Robert Flaherty filmed this, the first non-fiction feature length movie, in 1922. Flaherty has been criticized for setting up some of the scenes and distorting some of the actual facts. Flaherty encouraged Nanook (actually Allakariallak) to hunt with older Inuit weapons, even though he mostly hunted with a gun. The movie also says that Nanook died a few years after filming, starving to death while hunting, which was not true. The film is sort of a mix of neo-realism and documentary. One of the first scenes had Nanook and his family coming out of kayak like boat. Most of the family were laying down on the inside, totally enclosed and hidden from the world.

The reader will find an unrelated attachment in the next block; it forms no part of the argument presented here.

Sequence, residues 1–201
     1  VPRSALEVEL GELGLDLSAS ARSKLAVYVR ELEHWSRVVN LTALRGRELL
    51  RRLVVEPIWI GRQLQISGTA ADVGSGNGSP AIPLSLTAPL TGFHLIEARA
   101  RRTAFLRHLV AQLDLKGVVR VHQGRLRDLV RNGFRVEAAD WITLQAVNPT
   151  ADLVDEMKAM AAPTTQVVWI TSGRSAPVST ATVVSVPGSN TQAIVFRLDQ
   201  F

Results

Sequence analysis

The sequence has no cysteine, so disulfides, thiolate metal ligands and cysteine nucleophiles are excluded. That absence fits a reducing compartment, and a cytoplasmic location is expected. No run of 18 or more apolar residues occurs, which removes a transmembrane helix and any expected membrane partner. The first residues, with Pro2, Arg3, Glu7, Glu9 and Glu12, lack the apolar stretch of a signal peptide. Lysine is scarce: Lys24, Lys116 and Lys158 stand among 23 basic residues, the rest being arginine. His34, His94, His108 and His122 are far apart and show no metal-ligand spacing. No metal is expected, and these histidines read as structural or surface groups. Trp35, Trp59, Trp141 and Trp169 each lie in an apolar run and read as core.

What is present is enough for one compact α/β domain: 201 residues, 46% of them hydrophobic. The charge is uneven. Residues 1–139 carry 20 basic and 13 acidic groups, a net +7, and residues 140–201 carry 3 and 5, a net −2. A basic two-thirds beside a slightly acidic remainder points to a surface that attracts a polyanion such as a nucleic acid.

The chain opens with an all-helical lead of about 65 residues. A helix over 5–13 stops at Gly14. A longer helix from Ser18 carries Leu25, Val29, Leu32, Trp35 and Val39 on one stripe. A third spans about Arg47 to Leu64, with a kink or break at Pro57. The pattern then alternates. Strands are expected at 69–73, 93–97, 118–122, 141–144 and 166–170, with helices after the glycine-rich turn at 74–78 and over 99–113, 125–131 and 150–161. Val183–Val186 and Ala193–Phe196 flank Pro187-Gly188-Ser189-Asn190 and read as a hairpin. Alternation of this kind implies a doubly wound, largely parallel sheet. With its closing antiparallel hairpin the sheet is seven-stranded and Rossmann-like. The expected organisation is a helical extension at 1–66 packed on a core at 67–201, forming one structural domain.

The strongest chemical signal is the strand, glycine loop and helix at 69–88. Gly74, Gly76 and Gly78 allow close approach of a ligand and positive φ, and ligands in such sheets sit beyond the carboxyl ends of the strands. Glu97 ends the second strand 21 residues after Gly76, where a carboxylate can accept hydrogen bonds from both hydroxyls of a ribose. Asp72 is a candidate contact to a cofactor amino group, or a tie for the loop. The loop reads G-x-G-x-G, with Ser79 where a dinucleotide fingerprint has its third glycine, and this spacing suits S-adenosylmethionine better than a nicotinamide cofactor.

The movie has one great scene after another. Spear fishing, the communal walrus hunt, the fox hunting scene, the igloo building scene, and the great seal hunting scene are just amazing to watch. It's a lifestyle that is so different from ours that it is hard to even imagine. The movie very effectively coveys the dangers and hostility the environment presented to the Inuits and it seems almost miraculous that they could really live like that.
Whether staged or real, the film is wonderful. As long as you go in to the film knowing that it is really just a re-creation, although a very accurate one, of the way the Inuits lived used to live. And it's great to see a movie about Native Americans where they are living peacefully and happily.